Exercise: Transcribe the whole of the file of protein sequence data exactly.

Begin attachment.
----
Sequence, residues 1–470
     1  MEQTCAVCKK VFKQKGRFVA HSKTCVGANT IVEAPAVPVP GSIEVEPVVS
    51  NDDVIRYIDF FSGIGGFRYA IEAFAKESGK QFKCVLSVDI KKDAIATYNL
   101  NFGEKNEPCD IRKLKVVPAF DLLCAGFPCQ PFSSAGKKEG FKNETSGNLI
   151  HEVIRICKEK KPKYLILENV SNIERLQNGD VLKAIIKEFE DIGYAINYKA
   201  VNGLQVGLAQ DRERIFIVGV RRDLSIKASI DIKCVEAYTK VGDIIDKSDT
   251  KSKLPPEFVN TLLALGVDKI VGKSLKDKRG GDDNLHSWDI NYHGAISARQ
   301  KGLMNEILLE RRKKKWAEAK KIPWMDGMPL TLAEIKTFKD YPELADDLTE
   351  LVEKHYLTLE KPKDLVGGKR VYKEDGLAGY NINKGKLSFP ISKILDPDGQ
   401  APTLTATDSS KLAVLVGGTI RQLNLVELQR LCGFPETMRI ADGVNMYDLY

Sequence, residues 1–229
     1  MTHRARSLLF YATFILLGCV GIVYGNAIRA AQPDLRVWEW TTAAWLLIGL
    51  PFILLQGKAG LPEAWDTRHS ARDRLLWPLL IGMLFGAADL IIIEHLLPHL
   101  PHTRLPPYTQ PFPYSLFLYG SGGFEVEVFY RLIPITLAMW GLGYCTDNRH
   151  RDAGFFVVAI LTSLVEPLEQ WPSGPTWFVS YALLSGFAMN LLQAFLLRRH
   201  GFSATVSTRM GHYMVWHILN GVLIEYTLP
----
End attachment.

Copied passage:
Sequence, residues 1–470
     1  MEQTCAVCKK VFKQKGRFVA HSKTCVGANT IVEAPAVPVP GSIEVEPVVS
    51  NDDVIRYIDF FSGIGGFRYA IEAFAKESGK QFKCVLSVDI KKDAIATYNL
   101  NFGEKNEPCD IRKLKVVPAF DLLCAGFPCQ PFSSAGKKEG FKNETSGNLI
   151  HEVIRICKEK KPKYLILENV SNIERLQNGD VLKAIIKEFE DIGYAINYKA
   201  VNGLQVGLAQ DRERIFIVGV RRDLSIKASI DIKCVEAYTK VGDIIDKSDT
   251  KSKLPPEFVN TLLALGVDKI VGKSLKDKRG GDDNLHSWDI NYHGAISARQ
   301  KGLMNEILLE RRKKKWAEAK KIPWMDGMPL TLAEIKTFKD YPELADDLTE
   351  LVEKHYLTLE KPKDLVGGKR VYKEDGLAGY NINKGKLSFP ISKILDPDGQ
   401  APTLTATDSS KLAVLVGGTI RQLNLVELQR LCGFPETMRI ADGVNMYDLY

Sequence, residues 1–229
     1  MTHRARSLLF YATFILLGCV GIVYGNAIRA AQPDLRVWEW TTAAWLLIGL
    51  PFILLQGKAG LPEAWDTRHS ARDRLLWPLL IGMLFGAADL IIIEHLLPHL
   101  PHTRLPPYTQ PFPYSLFLYG SGGFEVEVFY RLIPITLAMW GLGYCTDNRH
   151  RDAGFFVVAI LTSLVEPLEQ WPSGPTWFVS YALLSGFAMN LLQAFLLRRH
   201  GFSATVSTRM GHYMVWHILN GVLIEYTLP